Add in the usual scenes of budget-saving toys – with some CGI – being used to create the effect of Ant-Man & co. driving round, but again, we’ve seen this joke before and it’s not funny with subsequent airings.
And don’t forget an age-old joke with men arguing about size, but this time it’s because – as per the trailer – we see that Scott can grow to a giant rather than just going small.
Michael Pena still has zero personality, Walton Goggins is as cardboard cut-out a baddie as he was in Tomb Raider, and is Laurence Fishburne the only person to be a main character in both the DC and Marvel Cinematic Universes? Ol’ Larry was The Daily Planet’s editor Perry White in the modern Superman films, and now takes the role of Dr. Bill Foster, here.
Along the way, you’ll come across the mysterious Ava (Hannah John-Kamen), but when it comes to the eventual resolution of her storyline, (whichever way it goes out of the two possibilities available?), it’s as limp as a four-week old lettuce. One thought about her (no, not THAT sort of thought!), I’ll put behind a spoiler header:
About the only remnants of humour that seem to have any effect are a handful of lines from Randall Park (who made a great Kim Jong Un in The Interview), but he rarely gets many chances to shine. At least he seems to be putting in the effort. It’s always a pleasure to see Ms Lilly onscreen, but she plays second fiddle to Rudd, and I still question the sanity of anyone who thinks he is ‘leading man’ material.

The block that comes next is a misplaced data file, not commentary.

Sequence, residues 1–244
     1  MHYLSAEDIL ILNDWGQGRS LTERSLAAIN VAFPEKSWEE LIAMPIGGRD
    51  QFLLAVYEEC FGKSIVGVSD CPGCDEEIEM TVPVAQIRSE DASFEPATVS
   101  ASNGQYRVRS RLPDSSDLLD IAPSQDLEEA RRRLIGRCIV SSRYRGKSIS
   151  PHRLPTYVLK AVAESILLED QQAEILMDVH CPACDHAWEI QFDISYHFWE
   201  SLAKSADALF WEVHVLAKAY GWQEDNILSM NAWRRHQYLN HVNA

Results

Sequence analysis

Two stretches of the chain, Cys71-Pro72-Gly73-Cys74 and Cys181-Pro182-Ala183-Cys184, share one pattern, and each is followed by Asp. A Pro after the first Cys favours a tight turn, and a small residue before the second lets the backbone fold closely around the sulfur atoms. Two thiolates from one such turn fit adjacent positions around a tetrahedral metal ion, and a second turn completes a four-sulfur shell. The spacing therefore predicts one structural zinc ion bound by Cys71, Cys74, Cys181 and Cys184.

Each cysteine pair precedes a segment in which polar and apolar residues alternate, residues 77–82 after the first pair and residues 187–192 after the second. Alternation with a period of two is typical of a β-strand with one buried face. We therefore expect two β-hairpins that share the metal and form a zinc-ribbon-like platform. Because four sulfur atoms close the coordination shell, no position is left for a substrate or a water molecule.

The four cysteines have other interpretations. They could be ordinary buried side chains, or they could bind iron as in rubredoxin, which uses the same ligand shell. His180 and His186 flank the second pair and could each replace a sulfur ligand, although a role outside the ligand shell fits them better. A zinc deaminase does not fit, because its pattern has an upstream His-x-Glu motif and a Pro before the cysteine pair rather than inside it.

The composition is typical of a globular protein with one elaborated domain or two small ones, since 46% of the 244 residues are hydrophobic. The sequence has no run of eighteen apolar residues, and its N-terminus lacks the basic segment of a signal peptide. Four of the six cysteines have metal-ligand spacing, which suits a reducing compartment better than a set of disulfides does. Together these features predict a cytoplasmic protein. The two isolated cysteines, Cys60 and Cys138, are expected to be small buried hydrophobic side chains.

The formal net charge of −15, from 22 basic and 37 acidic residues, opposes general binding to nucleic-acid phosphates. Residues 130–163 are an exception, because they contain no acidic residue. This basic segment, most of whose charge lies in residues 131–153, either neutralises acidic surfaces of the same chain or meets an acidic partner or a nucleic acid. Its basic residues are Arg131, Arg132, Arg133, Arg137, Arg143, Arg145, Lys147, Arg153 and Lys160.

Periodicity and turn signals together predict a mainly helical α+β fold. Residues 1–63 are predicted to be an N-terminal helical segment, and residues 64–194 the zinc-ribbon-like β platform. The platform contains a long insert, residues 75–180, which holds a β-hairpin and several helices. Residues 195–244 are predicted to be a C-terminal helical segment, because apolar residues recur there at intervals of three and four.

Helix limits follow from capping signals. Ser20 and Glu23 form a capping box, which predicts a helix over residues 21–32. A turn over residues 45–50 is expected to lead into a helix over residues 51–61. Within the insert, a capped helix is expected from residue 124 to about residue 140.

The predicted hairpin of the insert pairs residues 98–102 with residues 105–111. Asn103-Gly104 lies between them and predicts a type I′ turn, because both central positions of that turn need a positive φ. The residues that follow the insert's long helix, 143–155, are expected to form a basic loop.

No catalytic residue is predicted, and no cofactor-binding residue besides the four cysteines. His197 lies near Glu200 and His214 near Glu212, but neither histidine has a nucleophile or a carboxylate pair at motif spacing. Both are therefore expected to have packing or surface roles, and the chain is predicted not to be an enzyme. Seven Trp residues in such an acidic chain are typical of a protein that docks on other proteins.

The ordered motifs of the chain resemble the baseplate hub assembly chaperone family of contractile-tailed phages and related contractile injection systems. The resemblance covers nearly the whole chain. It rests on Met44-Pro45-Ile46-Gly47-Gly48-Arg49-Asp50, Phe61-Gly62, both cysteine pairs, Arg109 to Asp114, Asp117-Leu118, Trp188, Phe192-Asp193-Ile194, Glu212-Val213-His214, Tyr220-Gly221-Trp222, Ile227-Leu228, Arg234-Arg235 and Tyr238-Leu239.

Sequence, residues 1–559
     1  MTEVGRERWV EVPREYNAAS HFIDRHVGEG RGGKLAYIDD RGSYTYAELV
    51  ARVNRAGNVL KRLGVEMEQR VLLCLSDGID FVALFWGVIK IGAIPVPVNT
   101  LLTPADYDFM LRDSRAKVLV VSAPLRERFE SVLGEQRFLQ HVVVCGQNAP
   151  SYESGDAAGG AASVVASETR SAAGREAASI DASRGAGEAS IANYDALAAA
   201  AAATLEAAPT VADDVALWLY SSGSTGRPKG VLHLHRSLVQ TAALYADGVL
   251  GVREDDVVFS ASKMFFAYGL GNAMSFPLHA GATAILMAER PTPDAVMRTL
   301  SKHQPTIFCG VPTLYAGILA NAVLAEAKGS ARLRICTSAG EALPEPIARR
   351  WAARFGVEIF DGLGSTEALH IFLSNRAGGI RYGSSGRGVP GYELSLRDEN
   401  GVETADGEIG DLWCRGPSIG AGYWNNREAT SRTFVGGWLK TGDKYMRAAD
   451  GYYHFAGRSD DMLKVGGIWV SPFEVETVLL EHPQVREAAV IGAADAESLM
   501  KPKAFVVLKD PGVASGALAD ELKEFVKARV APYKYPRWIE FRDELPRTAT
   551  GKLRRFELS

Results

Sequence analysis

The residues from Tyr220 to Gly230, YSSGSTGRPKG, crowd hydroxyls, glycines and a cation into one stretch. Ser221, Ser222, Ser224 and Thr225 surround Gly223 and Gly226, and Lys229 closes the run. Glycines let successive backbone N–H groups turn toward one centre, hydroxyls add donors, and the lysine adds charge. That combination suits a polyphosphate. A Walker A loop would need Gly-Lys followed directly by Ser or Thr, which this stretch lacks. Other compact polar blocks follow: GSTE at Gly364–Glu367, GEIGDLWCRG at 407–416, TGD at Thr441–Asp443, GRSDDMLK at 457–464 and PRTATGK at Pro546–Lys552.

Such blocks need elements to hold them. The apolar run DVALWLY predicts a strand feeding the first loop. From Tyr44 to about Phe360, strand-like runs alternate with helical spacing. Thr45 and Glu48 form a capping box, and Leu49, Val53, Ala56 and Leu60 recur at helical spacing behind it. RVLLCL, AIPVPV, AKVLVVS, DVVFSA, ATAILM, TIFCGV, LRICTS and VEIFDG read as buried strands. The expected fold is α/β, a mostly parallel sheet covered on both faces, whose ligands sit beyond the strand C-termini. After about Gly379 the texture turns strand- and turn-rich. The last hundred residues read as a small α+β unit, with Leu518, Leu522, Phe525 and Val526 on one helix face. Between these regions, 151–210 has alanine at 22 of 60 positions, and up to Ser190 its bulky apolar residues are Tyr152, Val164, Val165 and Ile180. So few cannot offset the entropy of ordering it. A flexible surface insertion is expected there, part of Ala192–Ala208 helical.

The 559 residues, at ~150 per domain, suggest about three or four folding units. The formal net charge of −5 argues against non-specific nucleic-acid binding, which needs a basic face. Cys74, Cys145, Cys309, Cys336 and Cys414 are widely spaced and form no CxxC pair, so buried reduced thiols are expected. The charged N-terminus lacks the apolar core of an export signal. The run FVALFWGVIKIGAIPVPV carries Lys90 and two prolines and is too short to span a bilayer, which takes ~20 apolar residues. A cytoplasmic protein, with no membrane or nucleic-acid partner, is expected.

Stan Lee is back, as usual, so cue spoiler section in case you don’t want to know:
When it comes to what’s in the credits… Ooh, time for another spoiler section:
What did you think of this film? Let me know in the comments below.
Available now is the Movie soundtrack, Ant-Man and the Wasp: The Official Movie Special Hardback Book, Marvel’s Ant-Man and the Wasp: The Art of the Movie Hardback book and Marvel’s Ant-Man and the Wasp Prelude on Kindle
Wasp: “Well, don’t fart in your suit.”
Running time: 118 minutes
Studio: Marvel Studios
Format: 2.39:1 (ARRIRAW (3.4K), ARRIRAW (6.5K), Dolby Vision, Redcode RAW (6K) (8K) (visual effects)); 1.90:1 (IMAX version: some scenes)
Released: August 2nd 2018
Director: Peyton Reed
Producers: Stephen Broussard and Kevin Feige
Screenplay: Chris McKenna, Erik Sommers, Paul Rudd, Andrew Barrer and Gabriel Ferrari
Based on the Marvel Comics by Stan Lee, Larry Lieber and Jack Kirby
Music: Christophe Beck
Scott Lang / Ant-Man: Paul Rudd
Hope Van Dyne / Wasp: Evangeline Lilly
Dr. Hank Pym: Michael Douglas
Dr. Bill Foster: Laurence Fishburne
Janet Van Dyne / Wasp: Michelle Pfeiffer
Luis: Michael Peña
Sonny Burch: Walton Goggins
Paxton: Bobby Cannavale
Maggie: Judy Greer
Dave: Tip ‘T.I.’ Harris
Kurt: David Dastmalchian
Ava: Hannah John-Kamen
Cassie: Abby Ryder Fortson
Jimmy Woo: Randall Park
Elihas Starr: Michael Cerveris
Uzman: Divian Ladwa
Anitolov: Goran Kostic
Knox: Rob Archer
Agent Stoltz: Sean Thompson Kleier
Agent Burleigh: Benjamin Byron Davis
Reviewer of movies, videogames and music since 1994. Aortic valve operation survivor from the same year. Running DVDfever.co.uk since 2000. Nobel Peace Prize winner 2021.